Wreaths to decorate your door are easy to make, so while the kids are playing in the fallen and dried leaves, grab your clippers and clip a few berries and flowers to make your own wreath.
To start the wreath, you need a base of twigs/small bent branches or wire. You can make these yourself but they are easy to pick up from the craft store. A twig base is ready to decorate while the wire ones need a background of greenery or other material. With the base filled, you add the decorations and finally add some finishing touches such as a bow or maybe a spray of snow on the arrangement.
To fill a wire wreath
Almost any evergreen material can be used to make the background – holly, boxwood, pine or cedar branches all make good background material for winter wreaths while straw makes a good base for fall. For a straw filled wreath, place the straw around the hoop form and secure with wire.
For a green background, gather small bunches of the material and wire together then place onto the wreath at the top. The second bunch overlaps the first bunch by about one half. Continue wiring stems together and placing them onto the wreath base until the whole base is filled. It is important to keep going in the same direction while laying your bunches of stems and place the final group so that the base of the stems go under the needles of the first group. Some pines, like white pines, have long needles which give a very informal or shaggy appearance to the wreath. To give a neater look, take your wire and loop it over the wreath to bring those wayward needles in and make a neater circle to work with.
Now comes the fun part – decorating the wreath
There are not really any rules for the decoration side, and a lot will depend on the material that you use but here are some ideas:
Hydrangea heads: Great for fall wreaths or winter wreaths indoor or out. Many hydrangeas, whether their bloom is white, pink or blue, mature to a dusty pink which holds up beautifully when picked. If you prefer other colors, they are sturdy enough to be spray painted too!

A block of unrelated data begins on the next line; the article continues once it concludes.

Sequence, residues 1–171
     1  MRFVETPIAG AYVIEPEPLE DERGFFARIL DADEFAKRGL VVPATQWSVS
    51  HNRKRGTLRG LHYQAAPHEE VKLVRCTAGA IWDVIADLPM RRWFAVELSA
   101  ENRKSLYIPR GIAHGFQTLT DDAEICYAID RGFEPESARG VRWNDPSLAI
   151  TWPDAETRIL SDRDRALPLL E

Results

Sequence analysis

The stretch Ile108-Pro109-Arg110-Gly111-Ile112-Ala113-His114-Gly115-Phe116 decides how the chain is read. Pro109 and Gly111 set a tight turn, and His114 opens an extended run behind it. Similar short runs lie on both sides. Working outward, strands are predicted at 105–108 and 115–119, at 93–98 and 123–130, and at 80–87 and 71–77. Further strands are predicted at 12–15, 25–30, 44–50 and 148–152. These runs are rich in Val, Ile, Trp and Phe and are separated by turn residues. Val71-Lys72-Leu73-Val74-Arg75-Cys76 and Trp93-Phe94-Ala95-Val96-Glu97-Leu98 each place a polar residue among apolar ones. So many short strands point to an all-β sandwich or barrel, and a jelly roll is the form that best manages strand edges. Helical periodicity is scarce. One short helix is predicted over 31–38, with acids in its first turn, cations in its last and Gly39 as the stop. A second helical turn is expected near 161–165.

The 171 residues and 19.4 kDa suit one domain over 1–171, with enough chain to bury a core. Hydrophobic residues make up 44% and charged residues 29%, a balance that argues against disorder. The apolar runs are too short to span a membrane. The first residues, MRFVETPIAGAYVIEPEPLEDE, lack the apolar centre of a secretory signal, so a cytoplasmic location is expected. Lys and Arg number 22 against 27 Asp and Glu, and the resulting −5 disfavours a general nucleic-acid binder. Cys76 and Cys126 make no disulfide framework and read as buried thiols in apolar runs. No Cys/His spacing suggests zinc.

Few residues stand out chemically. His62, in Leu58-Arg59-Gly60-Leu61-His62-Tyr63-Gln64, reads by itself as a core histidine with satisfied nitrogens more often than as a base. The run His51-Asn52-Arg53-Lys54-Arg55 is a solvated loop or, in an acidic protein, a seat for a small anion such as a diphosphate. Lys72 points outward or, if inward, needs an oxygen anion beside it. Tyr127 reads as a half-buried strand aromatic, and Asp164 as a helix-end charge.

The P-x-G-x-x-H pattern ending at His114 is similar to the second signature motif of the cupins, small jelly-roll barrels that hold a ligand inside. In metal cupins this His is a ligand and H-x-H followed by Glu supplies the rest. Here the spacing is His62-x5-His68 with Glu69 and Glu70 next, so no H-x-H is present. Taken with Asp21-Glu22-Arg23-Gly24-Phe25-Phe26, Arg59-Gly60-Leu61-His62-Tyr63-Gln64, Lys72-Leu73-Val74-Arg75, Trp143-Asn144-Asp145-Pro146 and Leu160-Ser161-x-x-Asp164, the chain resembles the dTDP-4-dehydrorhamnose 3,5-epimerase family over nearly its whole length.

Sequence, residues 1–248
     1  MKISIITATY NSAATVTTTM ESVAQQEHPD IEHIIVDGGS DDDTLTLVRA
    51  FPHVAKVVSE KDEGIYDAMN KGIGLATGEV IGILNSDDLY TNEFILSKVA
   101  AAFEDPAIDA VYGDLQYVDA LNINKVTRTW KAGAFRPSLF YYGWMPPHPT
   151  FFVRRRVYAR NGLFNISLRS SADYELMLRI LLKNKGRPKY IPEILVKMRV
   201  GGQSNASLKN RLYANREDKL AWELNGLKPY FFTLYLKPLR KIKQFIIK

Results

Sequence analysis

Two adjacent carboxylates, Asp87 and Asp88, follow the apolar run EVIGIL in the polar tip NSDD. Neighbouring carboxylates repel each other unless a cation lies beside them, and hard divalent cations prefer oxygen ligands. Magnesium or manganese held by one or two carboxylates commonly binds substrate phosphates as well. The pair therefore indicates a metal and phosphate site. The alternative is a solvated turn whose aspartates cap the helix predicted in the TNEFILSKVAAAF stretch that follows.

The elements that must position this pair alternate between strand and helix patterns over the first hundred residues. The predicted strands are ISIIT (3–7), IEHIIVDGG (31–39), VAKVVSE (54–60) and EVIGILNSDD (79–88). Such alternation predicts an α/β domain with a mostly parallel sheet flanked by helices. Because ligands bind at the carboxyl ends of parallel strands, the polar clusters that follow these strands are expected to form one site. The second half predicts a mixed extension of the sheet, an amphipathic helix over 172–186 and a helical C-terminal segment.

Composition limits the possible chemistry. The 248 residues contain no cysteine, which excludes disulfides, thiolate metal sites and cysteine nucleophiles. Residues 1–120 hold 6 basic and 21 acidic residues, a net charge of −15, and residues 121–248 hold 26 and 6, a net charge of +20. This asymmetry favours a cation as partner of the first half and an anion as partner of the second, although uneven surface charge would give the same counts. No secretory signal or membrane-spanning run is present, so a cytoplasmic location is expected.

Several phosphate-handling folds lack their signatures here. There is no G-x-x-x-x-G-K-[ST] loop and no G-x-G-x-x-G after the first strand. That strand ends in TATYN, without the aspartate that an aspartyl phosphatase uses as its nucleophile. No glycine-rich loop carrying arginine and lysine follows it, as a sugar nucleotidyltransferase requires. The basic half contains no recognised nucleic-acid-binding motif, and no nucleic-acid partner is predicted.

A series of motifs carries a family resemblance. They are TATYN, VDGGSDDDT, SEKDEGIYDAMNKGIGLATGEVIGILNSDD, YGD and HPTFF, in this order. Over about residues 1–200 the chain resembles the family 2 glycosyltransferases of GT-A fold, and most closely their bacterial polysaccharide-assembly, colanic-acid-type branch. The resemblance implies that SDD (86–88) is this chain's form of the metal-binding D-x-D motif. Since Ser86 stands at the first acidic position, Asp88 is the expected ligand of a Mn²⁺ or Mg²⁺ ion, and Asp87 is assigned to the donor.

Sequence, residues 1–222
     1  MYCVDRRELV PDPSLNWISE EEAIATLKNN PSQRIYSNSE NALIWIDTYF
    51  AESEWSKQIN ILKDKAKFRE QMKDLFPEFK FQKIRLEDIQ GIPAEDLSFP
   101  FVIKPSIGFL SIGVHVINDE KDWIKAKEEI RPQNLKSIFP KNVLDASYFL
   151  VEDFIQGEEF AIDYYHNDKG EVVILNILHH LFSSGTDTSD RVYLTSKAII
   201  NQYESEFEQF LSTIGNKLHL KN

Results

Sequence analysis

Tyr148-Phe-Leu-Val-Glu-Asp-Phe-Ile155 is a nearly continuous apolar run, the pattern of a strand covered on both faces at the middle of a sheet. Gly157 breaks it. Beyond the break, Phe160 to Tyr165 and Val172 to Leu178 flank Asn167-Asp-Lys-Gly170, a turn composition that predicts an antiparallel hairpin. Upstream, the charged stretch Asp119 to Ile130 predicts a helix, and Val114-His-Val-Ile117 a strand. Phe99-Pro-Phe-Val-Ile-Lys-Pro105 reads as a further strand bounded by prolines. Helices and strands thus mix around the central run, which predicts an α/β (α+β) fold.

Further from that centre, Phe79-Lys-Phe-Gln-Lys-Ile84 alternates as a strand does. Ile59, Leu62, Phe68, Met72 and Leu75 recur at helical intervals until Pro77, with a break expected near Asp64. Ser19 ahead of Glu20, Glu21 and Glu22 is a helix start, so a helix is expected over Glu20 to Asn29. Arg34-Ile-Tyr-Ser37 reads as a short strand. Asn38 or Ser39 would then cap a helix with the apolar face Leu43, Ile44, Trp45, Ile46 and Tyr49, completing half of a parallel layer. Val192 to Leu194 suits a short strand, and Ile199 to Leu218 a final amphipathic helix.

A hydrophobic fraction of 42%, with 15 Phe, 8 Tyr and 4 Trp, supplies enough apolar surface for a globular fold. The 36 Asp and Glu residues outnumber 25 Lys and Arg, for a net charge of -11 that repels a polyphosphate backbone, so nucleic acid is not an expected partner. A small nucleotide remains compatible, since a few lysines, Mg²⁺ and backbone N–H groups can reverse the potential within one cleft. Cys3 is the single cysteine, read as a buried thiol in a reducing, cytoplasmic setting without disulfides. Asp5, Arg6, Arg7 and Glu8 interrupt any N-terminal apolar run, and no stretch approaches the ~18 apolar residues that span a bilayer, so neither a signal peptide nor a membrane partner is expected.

Little pumpkins: The very small pumpkins are dried and anchored to the wreath with a pin.
Colorful chili peppers: let these little red peppers add bright color to your fall wreath.
Holly berries: The red berries mature in November and are perfect for winter wreaths but look for yellow berries on some holly and winterberry species (Ilex verticillata ‘Winter Gold’). Remember that hollies need male and female plants to produce the berries).
Callicarpa berries: This easy to grow shrub is attractive all year around but in fall it produces iridescent purple berries which stay on the bare branches all winter for the birds. Trim a few of these berry clusters for your outdoor wreath.
Andromeda (Pieris Japonica)
Andromeda (Pieris japonica): This old fashioned shrub produces groups of flowers in early spring, but the pre-flower forms in fall. The small white flowers are protected by a waxy coat. This makes an attractive white grouping for your outdoor wreath – indoors the flowers soon come out and drop onto the floor.
Artemesias: There are several Artemisia varieties such as Silver Mound and Silver King which have small white flower clusters in late summer or fall. These give a nice contrast on a green background.
When you have put the decoration onto the wreath it is time for the final touches:
- Bows are a common addition and can be placed anywhere on the wreath.
- Bittersweet and Virginia creeper vines and several other vines turn bright red in fall and when wound around the wreath looks attractive – note that poison ivy is also red in fall and you don’t want to pick that by mistake.
- Spray painted effects give a little layer of snow over the wreath, or sparkles to the berries.
- Finally hang your wreath on the door or garden gate to be admired by everyone!
For added fun, get a group of friends and have a wreath making party!
Using dried material from the garden or wayside really does not need a lot of artistic talent to make an attractive wreath.